UPDATE 8-Oil falls on concerns about Greece debt, U.S. budget
* European finance ministers struggle with Greek debt deal * Looming U.S. budget crunch dents confidence * Nigerian oil output seen lower in January * Coming up: API oil inventory data 4:30 p.m. EST Tuesday (Adds settlement prices, analysts' forecast, Nigerian shipments) By Robert Gibbons and Matthew Robinson NEW YORK, Nov 26 (Reuters) - Oil prices fell on Monday as concerns about Greek debt talks and U.S. budget negotiations outweighed worries about potential Middle East supply disruptions. After the U.S. Thanksgiving holiday muted activity late last week, the market dipped in another day of light activity as U.S. lawmakers showed little progress toward a compromise designed to avoid mandated tax increases and government spending cuts scheduled for Jan. 1. President Barack Obama spoke with congressional leaders over the weekend to avert the looming "fiscal cliff" - tax increases and spending cuts that take effect early next year - that markets fear could cause a recession and further dampen fuel demand. Traders were also eyeing a third attempt by euro zone finance ministers and the International Monetary Fund to release emergency aid for Greece, with policymakers saying a write-down of Greek debt was off the table for now. While uncertainty about attempts to address fiscal dilemmas on both sides of the Atlantic put pressure to oil prices, the political crisis in Egypt kept fears about Middle East oil supplies in focus, along with the fragile ceasefire in Gaza and the ongoing conflict in Syria. "Crude is feeling some pressure from the concerns about Greece and Spain, and the nagging worries about the fiscal cliff, with the stock market lower and the dollar index strengthening adding some pressure," said Phil Flynn, an analyst at Price Futures Group in Chicago. In addition to the wider economic worries , U.S. equities markets came under pressure o n c oncerns about retail sales as the holiday shopping season gets into full swing. Brent January crude fell 46 cents to settle at $110.9 2 a barrel. The international benchmark traded as low as $110.27 and briefly testing support at the 50-day and 100-day moving averages of $110.59 and $100.48 a barrel, respectively. U.S. January crude gave up 54 cents to settle at $87.7 4 a barrel. U.S. gasoline and heating oil futures also fell, with the front month heating oil contract down 1 percent on the day. Trade for both crude contracts held within Friday's range as players sought stronger signals to break out of levels seen through most of last week. Vo l umes we re light, wi th Brent trade 45 per cent below the 30-day average and U.S. crude down 48 p erc ent below that average just after the settlement. Nearly a month after Hurricane Sandy battered the East Coast fuel distribution network, sources said Phillips 66's 238,000 barrel per day Bayway, New Jersey, r efinery ha d res tarted, potentially helping to ease the region's supply crunch. The plant was the last of the refineries impacted by the storm to resume operations after being hit by floodwaters and a power failure. [ID:nL 1 E8MQ6U2] SUPPLY CONCERN Crude came off early lows following news that oil shipments from Nigeria - one of the worlds top 10 exporters - would drop to 1.98 million barrels per day in January from 2.12 million bpd in December following a fire, an oil spill and flooding, which have all impacted production. [ID:nL5E 8 MQC2O] In addition, violent protests in Egypt over an expansion of the powers of President Mohamed Mursi that could destabilize the region remained in focus. The crisis helped lift prices on Friday. On Monday, Mursi held negotiations with senior judges to try to defuse the situation. The justice minister said he believed Mursi would agree with Egypt's highest judicial authority on its proposal to limit the scope of the new powers. Egyptian mediators began separate talks on Monday with Hamas and with Israel to flesh out details of a ceasefire agreed last week that ended eight days of fighting in the Gaza Strip that had help lift oil prices this month. Ahead of weekly U.S. inventory data due out on Tuesday and Wednesday, analysts forecast a build in crude and refined product stockpiles for the week to Nov. 23. [ID:nL 1 E8MQ6BA] (Reporting by Robert Gibbons and Matthew Robinson in New York, Christopher Johnson in London and Jessica Jaganathan in Singapore; Editing by Marguerita Choy, Sofina Mirza-Reid and Andre Grenon)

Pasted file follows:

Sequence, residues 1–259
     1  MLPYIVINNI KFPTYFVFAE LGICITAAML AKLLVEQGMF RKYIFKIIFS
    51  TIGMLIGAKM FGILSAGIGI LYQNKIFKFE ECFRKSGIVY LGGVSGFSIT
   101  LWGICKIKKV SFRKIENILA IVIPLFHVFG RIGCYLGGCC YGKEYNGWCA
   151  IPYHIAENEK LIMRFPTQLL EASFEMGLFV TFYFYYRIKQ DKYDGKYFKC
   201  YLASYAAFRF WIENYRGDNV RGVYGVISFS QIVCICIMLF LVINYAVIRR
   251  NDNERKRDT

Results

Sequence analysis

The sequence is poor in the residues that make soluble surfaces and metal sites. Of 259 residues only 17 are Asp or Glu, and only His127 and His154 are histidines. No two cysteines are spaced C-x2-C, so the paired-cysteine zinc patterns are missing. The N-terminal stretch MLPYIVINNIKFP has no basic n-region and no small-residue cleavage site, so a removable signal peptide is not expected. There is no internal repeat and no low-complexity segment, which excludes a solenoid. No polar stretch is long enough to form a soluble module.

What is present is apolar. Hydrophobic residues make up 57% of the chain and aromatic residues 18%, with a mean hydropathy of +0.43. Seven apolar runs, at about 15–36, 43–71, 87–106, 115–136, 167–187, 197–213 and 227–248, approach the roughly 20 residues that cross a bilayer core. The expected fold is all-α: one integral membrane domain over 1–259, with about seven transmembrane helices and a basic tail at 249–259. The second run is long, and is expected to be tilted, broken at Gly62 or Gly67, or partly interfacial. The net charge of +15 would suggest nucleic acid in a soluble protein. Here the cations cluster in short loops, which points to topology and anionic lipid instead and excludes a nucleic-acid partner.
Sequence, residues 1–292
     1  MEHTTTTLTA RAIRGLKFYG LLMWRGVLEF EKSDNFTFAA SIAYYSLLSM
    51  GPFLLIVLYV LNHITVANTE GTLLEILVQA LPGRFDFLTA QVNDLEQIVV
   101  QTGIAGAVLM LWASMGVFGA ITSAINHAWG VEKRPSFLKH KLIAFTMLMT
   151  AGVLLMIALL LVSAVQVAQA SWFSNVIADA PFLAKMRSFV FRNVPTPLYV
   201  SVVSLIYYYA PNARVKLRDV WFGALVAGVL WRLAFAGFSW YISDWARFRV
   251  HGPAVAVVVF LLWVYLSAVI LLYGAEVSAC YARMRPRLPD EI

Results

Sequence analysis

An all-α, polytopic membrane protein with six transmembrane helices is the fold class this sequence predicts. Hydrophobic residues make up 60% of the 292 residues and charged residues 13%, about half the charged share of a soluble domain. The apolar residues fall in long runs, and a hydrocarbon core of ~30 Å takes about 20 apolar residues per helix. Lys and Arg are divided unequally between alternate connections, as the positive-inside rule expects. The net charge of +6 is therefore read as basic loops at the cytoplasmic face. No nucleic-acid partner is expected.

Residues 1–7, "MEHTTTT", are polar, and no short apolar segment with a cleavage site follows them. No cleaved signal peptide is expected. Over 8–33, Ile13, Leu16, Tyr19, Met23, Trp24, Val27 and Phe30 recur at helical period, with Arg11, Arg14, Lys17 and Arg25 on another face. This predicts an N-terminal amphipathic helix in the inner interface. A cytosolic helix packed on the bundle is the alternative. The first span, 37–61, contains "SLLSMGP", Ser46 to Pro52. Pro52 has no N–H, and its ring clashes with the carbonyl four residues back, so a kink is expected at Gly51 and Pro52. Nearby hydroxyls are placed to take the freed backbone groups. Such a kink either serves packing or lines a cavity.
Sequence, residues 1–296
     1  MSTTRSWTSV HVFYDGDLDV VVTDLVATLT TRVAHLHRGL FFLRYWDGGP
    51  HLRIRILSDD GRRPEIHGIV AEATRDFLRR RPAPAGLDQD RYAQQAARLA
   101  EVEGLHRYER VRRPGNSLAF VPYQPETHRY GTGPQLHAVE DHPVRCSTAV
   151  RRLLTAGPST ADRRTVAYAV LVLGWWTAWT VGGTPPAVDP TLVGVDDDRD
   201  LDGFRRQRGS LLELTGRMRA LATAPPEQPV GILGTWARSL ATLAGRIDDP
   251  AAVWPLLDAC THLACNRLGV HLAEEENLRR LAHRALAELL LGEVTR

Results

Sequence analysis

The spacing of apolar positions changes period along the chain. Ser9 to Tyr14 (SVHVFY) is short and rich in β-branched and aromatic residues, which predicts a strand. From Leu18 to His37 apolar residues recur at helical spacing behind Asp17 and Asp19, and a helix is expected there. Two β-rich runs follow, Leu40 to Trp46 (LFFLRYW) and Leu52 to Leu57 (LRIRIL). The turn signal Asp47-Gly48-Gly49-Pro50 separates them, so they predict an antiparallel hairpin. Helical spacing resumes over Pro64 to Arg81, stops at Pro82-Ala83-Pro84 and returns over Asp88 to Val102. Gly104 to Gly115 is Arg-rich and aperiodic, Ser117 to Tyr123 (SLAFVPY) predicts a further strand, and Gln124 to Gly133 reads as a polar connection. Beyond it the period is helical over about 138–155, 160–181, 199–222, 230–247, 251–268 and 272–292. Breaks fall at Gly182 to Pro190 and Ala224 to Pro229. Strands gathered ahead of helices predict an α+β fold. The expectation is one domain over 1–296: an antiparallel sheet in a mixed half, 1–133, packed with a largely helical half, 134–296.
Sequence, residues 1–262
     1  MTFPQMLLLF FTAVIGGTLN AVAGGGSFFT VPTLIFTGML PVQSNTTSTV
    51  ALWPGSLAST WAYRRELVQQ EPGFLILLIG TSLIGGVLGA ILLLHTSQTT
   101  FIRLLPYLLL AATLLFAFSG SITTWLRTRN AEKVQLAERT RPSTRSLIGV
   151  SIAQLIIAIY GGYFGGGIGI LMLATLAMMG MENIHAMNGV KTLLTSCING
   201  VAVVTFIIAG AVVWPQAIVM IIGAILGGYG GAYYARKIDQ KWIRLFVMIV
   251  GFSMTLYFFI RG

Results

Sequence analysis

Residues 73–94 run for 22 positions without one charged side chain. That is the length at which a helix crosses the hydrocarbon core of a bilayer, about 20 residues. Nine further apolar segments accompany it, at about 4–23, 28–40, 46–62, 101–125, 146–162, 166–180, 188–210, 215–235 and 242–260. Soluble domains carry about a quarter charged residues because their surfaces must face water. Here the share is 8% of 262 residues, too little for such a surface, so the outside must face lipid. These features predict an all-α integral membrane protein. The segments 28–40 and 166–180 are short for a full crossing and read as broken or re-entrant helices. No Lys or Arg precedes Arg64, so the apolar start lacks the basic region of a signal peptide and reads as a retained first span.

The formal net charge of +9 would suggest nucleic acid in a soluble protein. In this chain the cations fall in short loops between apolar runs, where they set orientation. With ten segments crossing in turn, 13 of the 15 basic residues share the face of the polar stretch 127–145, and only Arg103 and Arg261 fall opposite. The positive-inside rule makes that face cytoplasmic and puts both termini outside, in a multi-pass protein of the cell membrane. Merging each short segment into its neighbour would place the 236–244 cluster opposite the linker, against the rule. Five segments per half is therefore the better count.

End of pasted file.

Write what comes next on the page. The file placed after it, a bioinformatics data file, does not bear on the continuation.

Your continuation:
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DAVOS, Switzerland - Central banks have done their best to rescue the world economy by printing money and politicians must now act fast to enact structural reforms and pro-investment policies to boost growth, central bankers said on Saturday.
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